## Activity Idea (with Spreadsheets): Let's Make An Index Fund

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Jan 29, 2017
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Index Funds, Activity, Behavioral Finance, Investing, Mutual Funds, Teaching Strategies, Math, Activities

I awoke this morning thinking “how can you make index funds more tangible for students?” Why do I care about this? Anyone who has heard my rantings before either in this blog or on the NGPF podcast knows that I abhor the Stock Market Game. It teaches all the wrong lessons about investing: the short term nature of it, the “luck” factor, the highest risk strategy wins and so on. At some point, I will create a game to counter these lessons that is focused on index funds. The trick is how to make it appealing to a risk-seeking teen audience who loves the “action” of buying and selling stocks. Unfortunately good investing isn’t really about “action”, my buddy Allan Roth has it right when he says, as investors we should “dare to be dull.”

So, here’s the kernel of the idea: Have students take on the role of an investment manager hired to do the following:

• Create a TEEN index fund made up of  10 “teen” companies in the U.S.
• You are excited about the potential to sell this investment to parents who want to get their kids interested in investing.
• You have \$1,000,000 to invest and need to know how many shares of each company to purchase to create this index.
• You would like to create a market weighted  index, in other words, you will own more of the larger companies and less of the smaller companies.

Let’s break the assignment into manageable pieces:

1. How to find the 10 “teen-based” companies?  I gave you a head start with this list of ten companies that your students should be familiar with.  I have created the spreadsheet with the novice in mind. The only data that the students will enter are in #2 below; the rest of the spreadsheet has formulas to automatically make the calculations.
2. Next, go to Yahoo Finance and fill in the spreadsheet with the number of shares outstanding (that the company has issued) and the current stock price. Be sure that you check the units for the number of shares outstanding as it is in the MILLIONS of shares on the spreadsheet. Multiply these two numbers and you get the market capitalization of the company. When analysts talk about the largest companies they are typically referring to the market capitalization which is quite simply the total value of all the stock of the company.
3. Next, we want to determine how important each company is to the overall index. Two step process to determine how important the company is:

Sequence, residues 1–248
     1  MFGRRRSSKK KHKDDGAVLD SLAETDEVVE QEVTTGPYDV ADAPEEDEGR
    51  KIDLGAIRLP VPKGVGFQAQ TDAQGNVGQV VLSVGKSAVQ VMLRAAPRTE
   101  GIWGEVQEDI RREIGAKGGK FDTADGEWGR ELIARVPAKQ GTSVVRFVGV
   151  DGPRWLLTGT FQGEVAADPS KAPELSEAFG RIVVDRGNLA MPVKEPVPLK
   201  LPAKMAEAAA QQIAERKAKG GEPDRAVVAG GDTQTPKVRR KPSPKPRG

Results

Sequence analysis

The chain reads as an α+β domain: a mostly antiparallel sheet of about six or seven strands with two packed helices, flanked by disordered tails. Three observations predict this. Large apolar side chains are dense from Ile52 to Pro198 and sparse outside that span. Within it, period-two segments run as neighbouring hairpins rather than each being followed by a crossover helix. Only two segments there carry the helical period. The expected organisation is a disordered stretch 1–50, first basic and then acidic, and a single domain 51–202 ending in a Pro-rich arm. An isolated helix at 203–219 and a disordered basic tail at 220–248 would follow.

1. Determine the market capitalization of the entire index by adding up the market cap. for each of the companies.
2. Figure out what percentage each of the companies is to the overall index by dividing each company’s market cap to the market cap of the ENTIRE index.
4. Now that we know how important each company is, we have to take the \$1,000,000 investment and split it up among the ten companies based on their importance. For example if Apple’s market cap is 15% of the TEEN index, then \$150,000 of the \$1,000,000 investment needs to be invested in Apple.
5. Finally, we have to figure out how many shares of each stock we need to buy. For example, if \$150,000 is going to be invested in Apple and Apple’s stock price is \$100, then we would need to buy 1,500 shares of Apple (\$150,000 divided by \$100).
6. Once you have done that for each company, you now have the stock orders you need to place to create your TEEN index fund. Congratulations!
1. Would they invest in this fund? Why or why not?
2. Is it diversified?
3. Should it even be called an index fund? How is it different from the S&P500?

The TEEN index fund isn’t exactly an example of a diversified fund. Why not? Well it only has 10 companies in the fund and it is primarily consumer based companies. What if you wanted to build a fund with 20 of the largest companies in the U.S. which could be more diversified. How would you do that? Here are the steps.

1. Identify which 20 companies to include in the index (I created a second tab on the spreadsheet for your students to complete). Here’s a good source which provides market cap data on the top 20 companies in the US (number of shares that a company has issued multiplied by the stock price) and appears  to be updated frequently.
2. Now complete steps #2-#7 that you did for the Teen Index.

Have some fun with this and ask students which of the two index funds they would choose and check back every week and update the results to see how the value of the \$1 million investment has changed.

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Want to humble those intrepid stock pickers in your class? Check out this NGPF Activity: Think You Can Beat the Stock Market?